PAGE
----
A Valentine for Psychiatric Times


This Valentine’s Day, there’s a lot of love to go around.

brain heart



As you must know, it is Valentine’s Day 2022, and despite many personal, societal, and professional challenges, there is much for me—and hopefully you—to love.

Of course, I love my wife of 53 years, Rusti, who you may know sings an introduction about every other week for my weekly video series, Psychiatry & Society.

I love my children and grandchildren.

I love my friends.

I love some of the Winter Olympics, especially ice skater Nathan Chang and snowboard cross Lindsey Jacobellis. Why? Both came back with much resilience from prior Olympic disappointments and failures to win gold medals.

Similarly, I love psychiatry for how it can work with people to overcome psychological challenges.

And I love Psychiatric TimesTM, as I am sure most of you do, too. Why do I? Certainly, it starts with the most talented and supportive psychiatric editors who make everything I convey better and easier. That includes Heidi Duerr, of course, Leah Kuntz, and our Editor-In-Chief, John Miller, MD.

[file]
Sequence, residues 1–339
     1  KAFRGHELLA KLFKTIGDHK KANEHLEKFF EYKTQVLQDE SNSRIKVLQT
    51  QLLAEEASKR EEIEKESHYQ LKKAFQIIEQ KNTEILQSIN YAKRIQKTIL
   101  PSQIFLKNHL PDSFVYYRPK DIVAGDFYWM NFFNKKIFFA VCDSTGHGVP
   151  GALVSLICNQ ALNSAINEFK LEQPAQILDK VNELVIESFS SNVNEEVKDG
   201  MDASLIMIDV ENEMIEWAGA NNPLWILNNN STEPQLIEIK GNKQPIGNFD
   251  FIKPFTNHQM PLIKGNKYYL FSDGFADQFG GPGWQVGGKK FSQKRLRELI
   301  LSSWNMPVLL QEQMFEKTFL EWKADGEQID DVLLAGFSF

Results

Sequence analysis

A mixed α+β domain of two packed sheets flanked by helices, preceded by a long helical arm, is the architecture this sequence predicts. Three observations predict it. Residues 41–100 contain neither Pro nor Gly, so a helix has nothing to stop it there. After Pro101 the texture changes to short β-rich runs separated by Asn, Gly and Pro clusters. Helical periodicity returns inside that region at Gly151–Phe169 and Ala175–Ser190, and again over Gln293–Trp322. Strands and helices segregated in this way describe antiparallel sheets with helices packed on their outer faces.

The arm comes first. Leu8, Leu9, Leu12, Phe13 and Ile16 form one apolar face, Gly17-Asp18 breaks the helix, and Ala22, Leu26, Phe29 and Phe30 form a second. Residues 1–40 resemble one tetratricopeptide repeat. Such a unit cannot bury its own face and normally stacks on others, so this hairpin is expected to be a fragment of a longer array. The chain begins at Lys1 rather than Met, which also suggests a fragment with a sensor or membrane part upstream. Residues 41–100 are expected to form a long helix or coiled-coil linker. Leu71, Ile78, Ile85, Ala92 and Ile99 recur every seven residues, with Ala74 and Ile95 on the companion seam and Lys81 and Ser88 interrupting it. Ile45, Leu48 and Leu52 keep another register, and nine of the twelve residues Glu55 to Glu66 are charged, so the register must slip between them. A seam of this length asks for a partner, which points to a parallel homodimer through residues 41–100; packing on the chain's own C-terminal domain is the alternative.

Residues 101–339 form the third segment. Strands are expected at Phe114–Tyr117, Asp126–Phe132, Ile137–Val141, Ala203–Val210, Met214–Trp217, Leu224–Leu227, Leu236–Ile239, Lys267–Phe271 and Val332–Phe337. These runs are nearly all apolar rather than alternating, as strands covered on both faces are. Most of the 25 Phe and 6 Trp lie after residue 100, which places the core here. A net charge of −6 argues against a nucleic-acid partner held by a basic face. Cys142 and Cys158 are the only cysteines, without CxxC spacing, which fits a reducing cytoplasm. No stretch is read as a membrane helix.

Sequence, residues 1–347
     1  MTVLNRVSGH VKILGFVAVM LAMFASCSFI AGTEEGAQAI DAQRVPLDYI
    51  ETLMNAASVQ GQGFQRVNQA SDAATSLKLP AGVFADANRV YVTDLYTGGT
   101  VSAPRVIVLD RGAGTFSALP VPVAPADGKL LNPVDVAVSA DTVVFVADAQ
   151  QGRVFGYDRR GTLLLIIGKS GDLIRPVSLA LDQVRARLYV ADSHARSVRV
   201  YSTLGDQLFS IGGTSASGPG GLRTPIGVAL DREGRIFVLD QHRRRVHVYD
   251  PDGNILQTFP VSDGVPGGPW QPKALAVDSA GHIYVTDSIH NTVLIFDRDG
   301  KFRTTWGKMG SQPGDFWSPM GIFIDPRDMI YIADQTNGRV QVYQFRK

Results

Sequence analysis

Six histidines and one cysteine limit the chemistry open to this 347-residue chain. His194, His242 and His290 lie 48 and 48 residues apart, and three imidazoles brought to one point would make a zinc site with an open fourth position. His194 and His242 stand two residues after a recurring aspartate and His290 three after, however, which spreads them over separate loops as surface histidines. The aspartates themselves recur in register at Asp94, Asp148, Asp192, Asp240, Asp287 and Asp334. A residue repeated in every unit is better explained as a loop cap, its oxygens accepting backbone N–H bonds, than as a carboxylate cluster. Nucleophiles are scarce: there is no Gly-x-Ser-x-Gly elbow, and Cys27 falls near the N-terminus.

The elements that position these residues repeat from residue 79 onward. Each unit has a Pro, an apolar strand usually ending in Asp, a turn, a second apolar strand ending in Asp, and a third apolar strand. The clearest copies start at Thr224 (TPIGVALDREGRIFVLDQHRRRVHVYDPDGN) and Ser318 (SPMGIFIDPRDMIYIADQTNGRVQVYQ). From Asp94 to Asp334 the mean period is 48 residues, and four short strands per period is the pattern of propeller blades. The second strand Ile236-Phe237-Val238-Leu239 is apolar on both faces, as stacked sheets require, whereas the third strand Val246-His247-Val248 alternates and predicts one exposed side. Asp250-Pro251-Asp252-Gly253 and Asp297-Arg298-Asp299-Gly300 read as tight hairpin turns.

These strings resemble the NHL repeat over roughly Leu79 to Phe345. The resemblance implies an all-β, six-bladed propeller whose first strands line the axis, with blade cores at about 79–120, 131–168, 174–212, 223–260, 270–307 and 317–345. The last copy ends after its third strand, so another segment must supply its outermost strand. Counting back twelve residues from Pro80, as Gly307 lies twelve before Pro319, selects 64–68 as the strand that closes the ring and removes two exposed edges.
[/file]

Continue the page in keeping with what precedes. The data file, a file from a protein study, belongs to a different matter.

I love seeing 5 or more diverse articles—really gifts—each weekday, as well as the attractive and distinctive monthly print version. Most importantly of all, I think Psychiatric TimesTM has expanded the definition of what psychiatry is about in our times. Sure, there are scores of high quality scholarly and clinical articles, the heart and soul of psychiatry. But there is more, much more. Just perusing recent titles, there is something about sports, brain health, the Goldwater Rule, poetry, literature, eulogies, politics, global women’s health, culture, and climate instability. It can almost be an embarrassment of riches. Priceless.

If anyone asks what modern psychiatry is about, or should be about, just refer them to our website. In the meanwhile, have a loving and lovely Valentine’s Day.

Dr Moffic is an award-winning psychiatrist who has specialized in the cultural and ethical aspects of psychiatry. A prolific writer and speaker, he received the one-time designation of Hero of Public Psychiatry from the Assembly of the American Psychiatric Association in 2002. He is an advocate for mental health issues relate to climate instability, burnout, Islamophobia, and anti-Semitism for a better world. He serves on the Editorial Board of Psychiatric TimesTM.

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